May 4, 1927|
Grosse Pointe, Michigan
|Died: July 8, 2016
Port St. Lucie, Florida
|April 20, 1952, for the St. Louis Browns|
|Last MLB appearance|
|September 23, 1953, for the Chicago White Sox|
|Earned run average||7.84|
Hal Campbell Hudson (May 4, 1927 – July 8, 2016) was an American professional baseball player. A left-handed pitcher, he worked in six Major League games, all in relief, for the St. Louis Browns (1952) and Chicago White Sox (1952–53). Hudson was born in Grosse Point, Michigan, and was listed at 5 feet 10 inches (1.78 m) tall and 170 pounds (77 kg).
Hudson's pro career extended for 13 seasons (1944–55; 1957). He earned his big-league trial with the Browns after compiling a 16–5 win-loss record and a 3.08 earned run average for the Triple-A Toronto Maple Leafs in 1951. He was treated roughly in his American League debut on April 20, 1952, allowing two hits, two bases on balls and four earned runs in two-thirds of an inning against the White Sox. The game was suspended in the seventh frame on April 20, and completed on May 26 with Chicago winning, 10–5. Despite his poor outing, Hudson would be acquired on waivers by the ChiSox on August 27, 1952, after he had spent much of the summer with Triple-A Toronto, where he won another 11 games.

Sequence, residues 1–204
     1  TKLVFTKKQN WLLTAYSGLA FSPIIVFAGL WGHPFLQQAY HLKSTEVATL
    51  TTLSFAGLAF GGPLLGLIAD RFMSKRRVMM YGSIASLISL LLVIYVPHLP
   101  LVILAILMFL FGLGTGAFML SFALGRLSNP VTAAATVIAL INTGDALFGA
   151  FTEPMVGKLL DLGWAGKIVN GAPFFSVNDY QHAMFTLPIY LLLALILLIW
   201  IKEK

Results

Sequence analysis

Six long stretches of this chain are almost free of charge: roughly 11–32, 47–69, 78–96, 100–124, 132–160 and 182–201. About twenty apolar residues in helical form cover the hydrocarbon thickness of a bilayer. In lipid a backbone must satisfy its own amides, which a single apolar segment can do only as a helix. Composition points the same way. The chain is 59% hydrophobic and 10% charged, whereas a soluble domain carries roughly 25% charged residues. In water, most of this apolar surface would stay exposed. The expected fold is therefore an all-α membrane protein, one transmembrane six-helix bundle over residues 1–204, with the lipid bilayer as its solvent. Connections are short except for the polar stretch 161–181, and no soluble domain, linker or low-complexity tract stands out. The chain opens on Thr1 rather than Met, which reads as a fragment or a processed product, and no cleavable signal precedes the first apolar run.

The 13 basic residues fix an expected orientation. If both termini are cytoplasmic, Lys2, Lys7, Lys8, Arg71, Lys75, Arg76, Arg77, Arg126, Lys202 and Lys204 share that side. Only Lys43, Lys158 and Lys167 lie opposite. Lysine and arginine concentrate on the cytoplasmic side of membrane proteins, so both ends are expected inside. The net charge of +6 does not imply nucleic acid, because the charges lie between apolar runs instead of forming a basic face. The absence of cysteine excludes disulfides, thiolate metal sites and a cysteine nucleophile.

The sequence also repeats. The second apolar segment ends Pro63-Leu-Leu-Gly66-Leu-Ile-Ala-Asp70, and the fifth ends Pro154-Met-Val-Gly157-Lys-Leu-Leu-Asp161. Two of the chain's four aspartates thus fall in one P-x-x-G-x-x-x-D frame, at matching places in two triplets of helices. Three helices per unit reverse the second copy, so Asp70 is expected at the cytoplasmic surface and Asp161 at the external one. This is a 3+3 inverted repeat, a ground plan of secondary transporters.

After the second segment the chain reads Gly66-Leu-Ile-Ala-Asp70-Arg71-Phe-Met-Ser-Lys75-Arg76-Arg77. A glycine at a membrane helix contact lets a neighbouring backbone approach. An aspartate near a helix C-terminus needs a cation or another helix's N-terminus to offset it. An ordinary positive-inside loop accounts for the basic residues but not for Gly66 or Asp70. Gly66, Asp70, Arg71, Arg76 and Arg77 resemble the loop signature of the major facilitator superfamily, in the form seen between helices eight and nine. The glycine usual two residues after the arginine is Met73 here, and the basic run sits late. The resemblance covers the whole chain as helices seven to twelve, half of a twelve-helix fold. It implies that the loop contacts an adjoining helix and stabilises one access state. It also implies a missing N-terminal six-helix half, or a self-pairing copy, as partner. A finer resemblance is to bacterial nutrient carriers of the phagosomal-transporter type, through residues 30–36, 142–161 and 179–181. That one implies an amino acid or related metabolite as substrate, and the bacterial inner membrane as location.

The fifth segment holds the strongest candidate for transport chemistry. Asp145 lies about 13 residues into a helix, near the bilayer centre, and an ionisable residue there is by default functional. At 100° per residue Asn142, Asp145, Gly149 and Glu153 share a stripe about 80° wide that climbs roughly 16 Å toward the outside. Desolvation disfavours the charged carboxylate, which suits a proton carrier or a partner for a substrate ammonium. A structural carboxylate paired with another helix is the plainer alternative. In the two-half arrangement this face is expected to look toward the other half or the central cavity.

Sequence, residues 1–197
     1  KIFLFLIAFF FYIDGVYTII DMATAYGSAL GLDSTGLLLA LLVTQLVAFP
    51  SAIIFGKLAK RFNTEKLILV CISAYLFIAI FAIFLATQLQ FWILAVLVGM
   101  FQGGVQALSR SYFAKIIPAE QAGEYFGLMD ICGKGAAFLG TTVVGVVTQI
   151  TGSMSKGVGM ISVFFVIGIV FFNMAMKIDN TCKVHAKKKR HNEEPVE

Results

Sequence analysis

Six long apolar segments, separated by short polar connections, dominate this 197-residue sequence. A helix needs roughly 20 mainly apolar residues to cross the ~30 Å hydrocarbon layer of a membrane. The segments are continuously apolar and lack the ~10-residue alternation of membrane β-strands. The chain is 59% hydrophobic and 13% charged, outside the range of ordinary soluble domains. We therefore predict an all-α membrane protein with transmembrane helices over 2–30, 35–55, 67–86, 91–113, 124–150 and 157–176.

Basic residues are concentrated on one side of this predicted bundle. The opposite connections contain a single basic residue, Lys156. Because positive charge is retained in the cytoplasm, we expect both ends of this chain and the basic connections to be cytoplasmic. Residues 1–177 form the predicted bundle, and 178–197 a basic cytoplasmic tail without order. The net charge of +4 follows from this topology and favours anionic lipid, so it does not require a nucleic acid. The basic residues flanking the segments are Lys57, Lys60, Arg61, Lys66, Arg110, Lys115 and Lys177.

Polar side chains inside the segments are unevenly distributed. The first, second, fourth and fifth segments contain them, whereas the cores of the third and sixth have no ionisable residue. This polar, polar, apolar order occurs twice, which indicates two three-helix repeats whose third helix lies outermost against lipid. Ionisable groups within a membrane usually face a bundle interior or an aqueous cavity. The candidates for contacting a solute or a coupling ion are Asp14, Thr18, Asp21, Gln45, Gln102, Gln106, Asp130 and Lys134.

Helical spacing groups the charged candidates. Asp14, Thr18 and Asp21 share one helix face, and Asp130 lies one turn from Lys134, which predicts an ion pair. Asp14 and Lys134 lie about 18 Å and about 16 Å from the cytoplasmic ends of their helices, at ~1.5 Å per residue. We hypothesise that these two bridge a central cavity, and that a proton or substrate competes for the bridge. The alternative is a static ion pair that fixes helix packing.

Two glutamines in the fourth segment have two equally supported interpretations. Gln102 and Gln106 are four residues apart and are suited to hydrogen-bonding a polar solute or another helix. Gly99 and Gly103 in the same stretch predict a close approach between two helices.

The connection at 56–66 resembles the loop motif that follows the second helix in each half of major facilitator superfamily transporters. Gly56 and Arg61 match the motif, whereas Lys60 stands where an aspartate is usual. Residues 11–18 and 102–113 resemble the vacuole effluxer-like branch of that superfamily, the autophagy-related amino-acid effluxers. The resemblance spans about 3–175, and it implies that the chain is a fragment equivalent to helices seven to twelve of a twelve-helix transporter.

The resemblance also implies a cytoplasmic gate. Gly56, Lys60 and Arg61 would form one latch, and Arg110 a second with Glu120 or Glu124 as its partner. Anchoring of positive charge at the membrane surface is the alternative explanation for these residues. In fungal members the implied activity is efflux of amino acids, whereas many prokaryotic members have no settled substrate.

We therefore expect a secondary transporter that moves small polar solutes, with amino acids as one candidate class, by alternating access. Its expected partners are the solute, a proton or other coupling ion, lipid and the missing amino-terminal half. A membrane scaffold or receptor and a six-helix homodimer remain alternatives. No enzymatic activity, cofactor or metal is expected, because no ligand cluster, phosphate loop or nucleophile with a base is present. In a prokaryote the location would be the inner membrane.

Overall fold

He got into three September games for the White Sox, two in 1952 and one in 1953. Altogether, he allowed 16 hits and seven bases on balls in 10 1⁄3 innings pitched over his six MLB games played, with four strikeouts.
- Career statistics and player information from Baseball-Reference
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